“The Supreme Court made it clear: EPA can no longer ignore the costs of its reckless agenda. This decision shows that states should resist EPA’s calls to submit plans for the upcoming climate rule, which will impose enormous economic burdens on the American people for little, if any, environmental gain.”

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BLM Considers Raising Royalty Rates

Fed Potential 600 AEA

The Bureau of Land Management (BLM) announced in April that it is considering raising the royalty rate for oil and natural gas drilled on Federal lands—currently at 12.5 percent of drilling operations’ production value. The Center for American Progress (CAP) recommended that BLM increase the royalty rate for oil and gas drilled on public lands by at least 50 percent and allow regulators to raise the rate further when the price of these fuels is high because they believe U.S. taxpayers “aren’t receiving a fair share from the development of their resources.” But CAP has it wrong. If CAP wanted to increase returns to taxpayers, instead of promoting increases in the rates, they would promote streamlining permitting and bringing common sense to regulation on federal lands in order to increase natural gas and oil production and dramatically increase revenues to the U.S. treasury.

Oil and gas companies prefer to drill on private and state lands instead of federal lands due to permitting delays and massive amounts of red tape on federal lands. On non-federal lands, massive production increases have made the United States the largest producer of oil and natural gas in the world.

Click here to continue reading on IER.

ICYMI: Half Measures Make Ethanol Mandate Worse

This week, AEA President Tom Pyle penned an op-ed in Roll Call explaining why a corn-only repeal of the broken Renewable Fuel Standard may actually hurt American  families more than the status quo. Pyle lambasts lawmakers’ attempts to re-work an unworkable law, and shows why full repeal is the only way to fix the RFS. Below is the text of the op-ed:

In an effort to show Congress “can work again,” some lawmakers are attempting to make an unworkable law even worse. Recently, several proposals have been floated to “amend” the Renewable Fuel Standard, which requires refiners to blend rising volumes of renewable fuel into gasoline.

Proponents of such bills, including Sens. Patrick J. Toomey, R-Pa., and Dianne Feinstein, D-Calif., would do away with the corn-ethanol mandate but retain the mandate for “advanced” biofuels — products that don’t exist in appreciable, economically viable quantities, if at all.

Lawmakers should reject these half measures. This month, Sen. Bill Cassidy, R-La.,  introduced legislation to do away with the RFS entirely. This approach addresses the reality that by keeping intact the costly “advanced” mandate, corn-only repeal may actually inflict more harm on American families than the status quo. The only real “reform” to the broken RFS is full repeal.

Congress enacted the RFS in 2005 and expanded it in 2007. The law requires refiners to blend 36 billion gallons of biofuel into the nation’s transportation fuel supply by 2022 — a figure that all agree is unachievable and most would argue unwarranted.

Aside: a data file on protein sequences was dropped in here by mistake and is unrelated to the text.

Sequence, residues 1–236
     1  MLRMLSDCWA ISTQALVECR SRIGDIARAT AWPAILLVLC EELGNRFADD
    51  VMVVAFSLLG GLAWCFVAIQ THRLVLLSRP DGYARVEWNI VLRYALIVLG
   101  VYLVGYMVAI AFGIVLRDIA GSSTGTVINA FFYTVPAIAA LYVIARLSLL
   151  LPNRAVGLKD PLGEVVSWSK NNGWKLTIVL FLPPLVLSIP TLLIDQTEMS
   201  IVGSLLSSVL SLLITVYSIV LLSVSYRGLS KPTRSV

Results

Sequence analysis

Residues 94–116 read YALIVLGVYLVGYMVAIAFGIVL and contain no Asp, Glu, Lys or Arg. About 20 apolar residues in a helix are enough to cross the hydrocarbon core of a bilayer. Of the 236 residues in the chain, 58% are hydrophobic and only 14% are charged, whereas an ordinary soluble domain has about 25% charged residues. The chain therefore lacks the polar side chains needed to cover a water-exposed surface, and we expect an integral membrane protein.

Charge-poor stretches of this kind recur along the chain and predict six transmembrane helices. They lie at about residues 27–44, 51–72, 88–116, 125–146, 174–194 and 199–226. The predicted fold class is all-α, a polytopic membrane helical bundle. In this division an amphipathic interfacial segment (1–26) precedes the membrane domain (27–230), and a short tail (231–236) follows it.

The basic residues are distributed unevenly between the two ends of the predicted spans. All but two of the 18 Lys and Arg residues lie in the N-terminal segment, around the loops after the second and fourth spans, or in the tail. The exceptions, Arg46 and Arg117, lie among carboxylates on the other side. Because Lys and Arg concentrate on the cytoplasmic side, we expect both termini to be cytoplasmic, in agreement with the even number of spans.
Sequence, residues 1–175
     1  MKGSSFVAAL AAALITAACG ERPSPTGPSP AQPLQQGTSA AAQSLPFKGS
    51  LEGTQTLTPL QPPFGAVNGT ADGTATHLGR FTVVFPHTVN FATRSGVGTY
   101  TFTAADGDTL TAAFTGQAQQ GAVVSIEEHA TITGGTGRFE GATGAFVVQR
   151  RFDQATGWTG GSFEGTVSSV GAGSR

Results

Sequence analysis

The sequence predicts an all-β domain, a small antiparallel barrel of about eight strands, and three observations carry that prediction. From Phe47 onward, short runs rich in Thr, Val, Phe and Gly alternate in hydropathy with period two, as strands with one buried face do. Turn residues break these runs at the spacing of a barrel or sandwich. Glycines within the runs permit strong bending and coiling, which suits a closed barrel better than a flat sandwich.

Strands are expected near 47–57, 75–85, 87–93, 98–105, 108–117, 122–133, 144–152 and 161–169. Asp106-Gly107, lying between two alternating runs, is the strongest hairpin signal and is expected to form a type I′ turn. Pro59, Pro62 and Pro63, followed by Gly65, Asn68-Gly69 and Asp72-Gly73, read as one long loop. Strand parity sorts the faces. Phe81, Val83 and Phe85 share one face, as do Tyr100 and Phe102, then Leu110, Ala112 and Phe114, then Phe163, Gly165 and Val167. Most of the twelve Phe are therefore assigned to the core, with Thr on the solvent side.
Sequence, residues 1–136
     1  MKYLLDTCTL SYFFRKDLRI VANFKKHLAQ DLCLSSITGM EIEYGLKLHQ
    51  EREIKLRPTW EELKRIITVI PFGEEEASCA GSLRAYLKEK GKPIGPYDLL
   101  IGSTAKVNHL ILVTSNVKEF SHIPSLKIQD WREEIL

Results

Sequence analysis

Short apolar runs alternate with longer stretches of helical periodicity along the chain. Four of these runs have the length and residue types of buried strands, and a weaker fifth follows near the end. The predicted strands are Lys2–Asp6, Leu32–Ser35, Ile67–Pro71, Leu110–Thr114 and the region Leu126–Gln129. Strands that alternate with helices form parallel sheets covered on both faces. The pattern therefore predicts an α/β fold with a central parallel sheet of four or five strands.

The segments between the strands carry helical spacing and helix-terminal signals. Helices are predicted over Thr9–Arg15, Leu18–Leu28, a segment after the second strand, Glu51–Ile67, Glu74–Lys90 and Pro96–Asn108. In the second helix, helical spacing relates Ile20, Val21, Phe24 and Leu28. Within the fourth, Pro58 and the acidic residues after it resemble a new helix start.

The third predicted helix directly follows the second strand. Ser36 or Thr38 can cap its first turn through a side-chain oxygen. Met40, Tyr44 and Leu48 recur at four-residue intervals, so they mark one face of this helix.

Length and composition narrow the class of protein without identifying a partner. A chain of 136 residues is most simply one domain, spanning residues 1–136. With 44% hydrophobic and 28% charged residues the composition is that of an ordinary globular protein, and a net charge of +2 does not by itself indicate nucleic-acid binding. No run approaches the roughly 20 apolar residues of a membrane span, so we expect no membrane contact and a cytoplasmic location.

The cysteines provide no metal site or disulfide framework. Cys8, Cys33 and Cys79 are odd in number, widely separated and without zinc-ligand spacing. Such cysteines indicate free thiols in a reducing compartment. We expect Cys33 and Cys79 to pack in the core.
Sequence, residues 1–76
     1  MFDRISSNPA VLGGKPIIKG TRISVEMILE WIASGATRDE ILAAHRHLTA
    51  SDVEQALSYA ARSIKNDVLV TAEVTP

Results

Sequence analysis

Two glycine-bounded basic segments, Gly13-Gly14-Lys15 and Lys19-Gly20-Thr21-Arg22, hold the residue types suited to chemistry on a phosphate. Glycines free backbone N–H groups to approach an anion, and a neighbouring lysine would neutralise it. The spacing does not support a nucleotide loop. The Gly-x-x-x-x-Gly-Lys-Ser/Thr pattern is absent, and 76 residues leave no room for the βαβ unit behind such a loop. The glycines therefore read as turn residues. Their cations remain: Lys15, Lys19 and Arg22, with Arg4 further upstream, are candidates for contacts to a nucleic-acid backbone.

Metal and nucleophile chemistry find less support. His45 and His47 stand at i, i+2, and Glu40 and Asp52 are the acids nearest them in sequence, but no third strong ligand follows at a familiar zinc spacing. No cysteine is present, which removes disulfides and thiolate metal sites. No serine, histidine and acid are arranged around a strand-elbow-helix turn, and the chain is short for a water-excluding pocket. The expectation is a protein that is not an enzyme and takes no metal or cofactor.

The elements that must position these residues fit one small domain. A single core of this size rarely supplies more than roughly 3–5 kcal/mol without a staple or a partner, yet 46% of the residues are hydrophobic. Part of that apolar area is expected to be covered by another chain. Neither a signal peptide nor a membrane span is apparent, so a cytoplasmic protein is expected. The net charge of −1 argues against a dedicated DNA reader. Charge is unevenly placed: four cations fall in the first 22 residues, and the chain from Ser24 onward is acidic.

This program was doomed to failure. Under the delusion that “if you mandate an industry, it will come,” Congress and President George W. Bush trusted the Environmental Protection Agency to accurately project and mandate biofuel production nationwide.

Congress’ first mistake was passing the RFS. The error was compounded when lawmakers trusted EPA to implement it in a reasonable fashion. Case in point: in 2010, despite mandating millions of gallons of cellulosic biofuel (fuel derived from inedible plant matter), exactly zero gallons of cellulosic were produced. This “minor inconvenience” didn’t deter EPA. The following year, EPA raised the mandate even higher, but still cellulosic producers mustered up no fuel.

In fact, the EPA has so thoroughly mismanaged the RFS that in 2013 the D.C. Circuit Court ruled the agency’s actions amounted to illegal promotion of cellulosic biofuels. Not to mention that the EPA had, until last month, failed to even propose standards for 2014, in violation of federal law.

Instead of accepting reality, the EPA created a new reality. Faced with the fact that cellulosic biofuels aren’t cost-effective enough to be produced in large quantities, EPA simply changed the definition of “cellulosic” to include things such as compressed natural gas and electricity. Since those cannot physically be blended into gasoline, refiners are forced to purchase credits and pass along those costs to motorists.

Unfortunately, the EPA’s incompetence continues. In May, the agency released its long-delayed mandates for 2014 and beyond, calling on refiners to blend 206 million gallons of cellulosic in 2016—even though cellulosic producers have failed to demonstrate a capacity to produce even 1/206th of that amount (until the EPA changed the definition, of course).

It’s long past time Congress learned its lesson. Removing the implied corn portion but keeping the “advanced” mandate does nothing to stop the EPA’s accounting gimmicks. Instead it transforms the RFS into California’s expensive low-carbon fuel standard, which one study showed could raise the state’s fuel prices by more than $2.50 per gallon.

Partial repeal also, ironically, is worse for corn farmers than full repeal. Corn ethanol is a commercially viable product and a reliable blendstock — in the proper quantity. It doesn’t need the mandate to survive.

Under Toomey-Feinstein, however, corn ethanol loses the war for mandated market share. The mandate for “advanced” biofuel remains untouched, which means it continues to rise and shift the market for ethanol away from corn and toward more costly sources.